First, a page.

I'm not sure whether to feel flattered or not, but when a photographer recently wanted to take my picture fishing, I figured it couldn't hurt and if photographing me broke his camera, well that would be his fault. I've experienced photographers before, such as over on the Taylor, and figured it wouldn't be all bad. It all began a week and a half ago on Friday afternoon when I headed over to fish Boulder Creek for an hour or so.
Upon arriving at the parking area, I got out of my car and started rigging up to fish. A photographer from the Daily Camera approached me and made the rather astute observation that I was about to do something "outside." Since his assignment was to take a picture of someone doing something "outside," would I be so kind as to allow him to take my picture? After getting my name, he left me to do my thing while following at a respectful distance.
Soon I was fishing away, nearly oblivious other than when I heard the camera clicking away. Soon I found myself on an ice shelf under a bridge where a nice brown came out to swirl on my streamer. Hoping to lure it back out again, I continued fishing and soon found myself photographed right into the newspaper. That's right, on Saturday morning there I was, front and center on the "Local" section, fishing away on the ice shelf.
I soon told the photographer I was heading downstream "a ways," and he graciously allowed that he had got all the pictures he needed and said his thanks and good bye. I enjoyed the next hour and ended up with four fish so it was not a bad trip!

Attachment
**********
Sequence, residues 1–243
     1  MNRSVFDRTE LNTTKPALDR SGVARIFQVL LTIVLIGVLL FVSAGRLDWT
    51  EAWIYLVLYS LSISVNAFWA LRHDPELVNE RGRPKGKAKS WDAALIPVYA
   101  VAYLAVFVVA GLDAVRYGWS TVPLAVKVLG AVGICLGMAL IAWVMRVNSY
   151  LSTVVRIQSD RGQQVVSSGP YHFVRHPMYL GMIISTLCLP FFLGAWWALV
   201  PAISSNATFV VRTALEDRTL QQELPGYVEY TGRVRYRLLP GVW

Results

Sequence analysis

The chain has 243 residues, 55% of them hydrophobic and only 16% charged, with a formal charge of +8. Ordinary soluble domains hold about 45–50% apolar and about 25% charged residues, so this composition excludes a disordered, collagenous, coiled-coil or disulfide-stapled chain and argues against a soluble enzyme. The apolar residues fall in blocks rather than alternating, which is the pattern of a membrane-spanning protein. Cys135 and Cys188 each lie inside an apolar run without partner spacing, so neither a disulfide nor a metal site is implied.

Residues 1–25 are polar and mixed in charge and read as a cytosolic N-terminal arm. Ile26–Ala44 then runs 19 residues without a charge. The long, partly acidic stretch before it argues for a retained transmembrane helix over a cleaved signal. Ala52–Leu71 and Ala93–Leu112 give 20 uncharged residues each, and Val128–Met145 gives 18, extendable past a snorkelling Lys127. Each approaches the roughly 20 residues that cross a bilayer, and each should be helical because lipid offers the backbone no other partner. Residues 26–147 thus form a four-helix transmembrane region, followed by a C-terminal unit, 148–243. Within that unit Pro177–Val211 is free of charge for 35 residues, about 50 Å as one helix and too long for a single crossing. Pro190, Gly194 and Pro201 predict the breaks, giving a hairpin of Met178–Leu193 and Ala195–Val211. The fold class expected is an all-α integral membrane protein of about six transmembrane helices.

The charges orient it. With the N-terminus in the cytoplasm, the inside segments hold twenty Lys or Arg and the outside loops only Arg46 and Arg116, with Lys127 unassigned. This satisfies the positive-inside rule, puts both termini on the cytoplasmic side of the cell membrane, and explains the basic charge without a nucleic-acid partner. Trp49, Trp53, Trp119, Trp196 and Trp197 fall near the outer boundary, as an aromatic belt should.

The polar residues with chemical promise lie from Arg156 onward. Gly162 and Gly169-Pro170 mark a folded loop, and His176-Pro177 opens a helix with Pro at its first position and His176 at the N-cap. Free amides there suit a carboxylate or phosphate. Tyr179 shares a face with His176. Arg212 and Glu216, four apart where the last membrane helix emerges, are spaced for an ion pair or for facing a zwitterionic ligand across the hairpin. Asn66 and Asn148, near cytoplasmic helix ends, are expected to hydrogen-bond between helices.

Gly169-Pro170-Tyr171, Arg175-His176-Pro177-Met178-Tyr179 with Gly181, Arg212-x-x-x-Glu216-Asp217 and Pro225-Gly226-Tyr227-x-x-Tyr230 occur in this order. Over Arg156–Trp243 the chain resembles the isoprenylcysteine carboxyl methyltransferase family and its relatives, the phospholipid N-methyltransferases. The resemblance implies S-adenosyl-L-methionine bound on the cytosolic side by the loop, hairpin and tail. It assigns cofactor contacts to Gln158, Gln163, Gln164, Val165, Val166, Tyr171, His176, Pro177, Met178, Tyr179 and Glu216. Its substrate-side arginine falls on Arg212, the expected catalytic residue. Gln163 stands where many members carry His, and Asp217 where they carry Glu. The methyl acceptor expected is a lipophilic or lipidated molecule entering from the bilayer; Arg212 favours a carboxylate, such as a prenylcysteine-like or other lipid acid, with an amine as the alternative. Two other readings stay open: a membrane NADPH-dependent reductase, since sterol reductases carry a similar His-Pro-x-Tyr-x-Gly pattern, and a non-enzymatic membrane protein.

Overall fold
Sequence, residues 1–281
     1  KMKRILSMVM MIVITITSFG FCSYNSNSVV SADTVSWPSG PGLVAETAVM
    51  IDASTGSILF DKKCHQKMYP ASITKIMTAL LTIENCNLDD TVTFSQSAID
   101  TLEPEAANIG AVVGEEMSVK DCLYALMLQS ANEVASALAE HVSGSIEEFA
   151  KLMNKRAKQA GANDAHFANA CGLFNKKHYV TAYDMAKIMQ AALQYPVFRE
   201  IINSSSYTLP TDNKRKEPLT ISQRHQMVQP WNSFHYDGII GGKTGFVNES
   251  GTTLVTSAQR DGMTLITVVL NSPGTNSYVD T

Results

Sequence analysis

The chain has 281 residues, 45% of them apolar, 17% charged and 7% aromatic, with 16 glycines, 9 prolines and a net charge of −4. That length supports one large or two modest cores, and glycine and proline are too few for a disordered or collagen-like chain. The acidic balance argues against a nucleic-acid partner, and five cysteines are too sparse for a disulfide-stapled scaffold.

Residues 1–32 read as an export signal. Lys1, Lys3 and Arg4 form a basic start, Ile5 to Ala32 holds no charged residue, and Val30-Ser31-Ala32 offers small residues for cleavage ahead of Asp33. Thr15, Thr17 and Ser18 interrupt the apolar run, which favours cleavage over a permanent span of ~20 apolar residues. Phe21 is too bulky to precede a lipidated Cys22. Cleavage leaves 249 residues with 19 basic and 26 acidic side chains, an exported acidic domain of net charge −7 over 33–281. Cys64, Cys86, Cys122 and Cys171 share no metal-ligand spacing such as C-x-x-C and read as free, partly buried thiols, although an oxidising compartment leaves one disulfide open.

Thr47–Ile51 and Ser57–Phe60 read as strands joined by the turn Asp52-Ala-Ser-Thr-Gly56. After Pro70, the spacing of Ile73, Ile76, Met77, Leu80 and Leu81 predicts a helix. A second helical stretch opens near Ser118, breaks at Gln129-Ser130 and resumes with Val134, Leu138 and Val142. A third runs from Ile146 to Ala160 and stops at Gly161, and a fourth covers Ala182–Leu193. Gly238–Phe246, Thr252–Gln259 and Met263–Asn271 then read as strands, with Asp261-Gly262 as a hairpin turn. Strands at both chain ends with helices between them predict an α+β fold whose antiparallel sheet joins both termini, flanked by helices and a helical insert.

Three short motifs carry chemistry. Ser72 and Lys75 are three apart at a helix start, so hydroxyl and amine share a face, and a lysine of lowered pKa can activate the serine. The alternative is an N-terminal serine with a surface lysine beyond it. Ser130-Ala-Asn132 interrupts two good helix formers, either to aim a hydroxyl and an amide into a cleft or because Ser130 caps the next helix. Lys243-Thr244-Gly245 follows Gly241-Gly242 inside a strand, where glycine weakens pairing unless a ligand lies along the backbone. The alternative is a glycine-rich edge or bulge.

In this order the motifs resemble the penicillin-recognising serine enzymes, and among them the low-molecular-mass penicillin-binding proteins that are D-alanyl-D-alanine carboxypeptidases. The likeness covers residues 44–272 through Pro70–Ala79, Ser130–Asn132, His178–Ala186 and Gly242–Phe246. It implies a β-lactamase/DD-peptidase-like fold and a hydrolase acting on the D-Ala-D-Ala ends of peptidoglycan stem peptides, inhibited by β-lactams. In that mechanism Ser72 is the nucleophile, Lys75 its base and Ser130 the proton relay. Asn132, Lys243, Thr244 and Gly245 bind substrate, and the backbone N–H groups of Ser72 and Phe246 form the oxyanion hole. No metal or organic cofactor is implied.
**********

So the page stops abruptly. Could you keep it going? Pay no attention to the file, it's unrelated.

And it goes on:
UPDATE: 11/25/2015 -- Smokies Fly Fishing Report: The streams of the Smokies have dropped back to great levels but water temperatures have been chilly. Things should improve over the next two days as both days and nights should be warmer. Even on the colder days this week, fish have been active during the warmest hours. Midges and sporadic caddis activity are even bringing some trout to the surface. When you do get out, note that brown trout are spawning and should be left alone when on redds. Please avoid walking on and near the redds this time of year. The ability of the brown trout to successfully reproduce is essential to the future of the fishery. If you do not know what a redd looks like, avoid walking on the fine gravel (golfball and smaller) in riffles and the tailouts of pools. Fish that are paired up in these areas are probably spawning and are best left alone.
Caney Fork Fly Fishing Report: The Caney Fork is fishing well at times but only average during others. The good news is that you may get a shot at some better than average trout. Recent floats are giving us approximately a 50/50 mix of rainbows and browns so that part is nice. Float or wade trips are best done as 1/2 days this time of year with the current flow regime. Contact me about a float or wade trip if you want to enjoy this fishing at TroutZoneAnglers@gmail.com or call/text (931) 261-1884.
Cumberland Plateau Fishing Report: Smallmouth bass fishing is about done for the year and I'm transitioning towards fishing for the big toothy critters. Yesterday we moved 4 fish and had one eat from a solid 40"+ fish that came unbuttoned. Stay tuned for more on this great fishing as we head deeper into the cold season.
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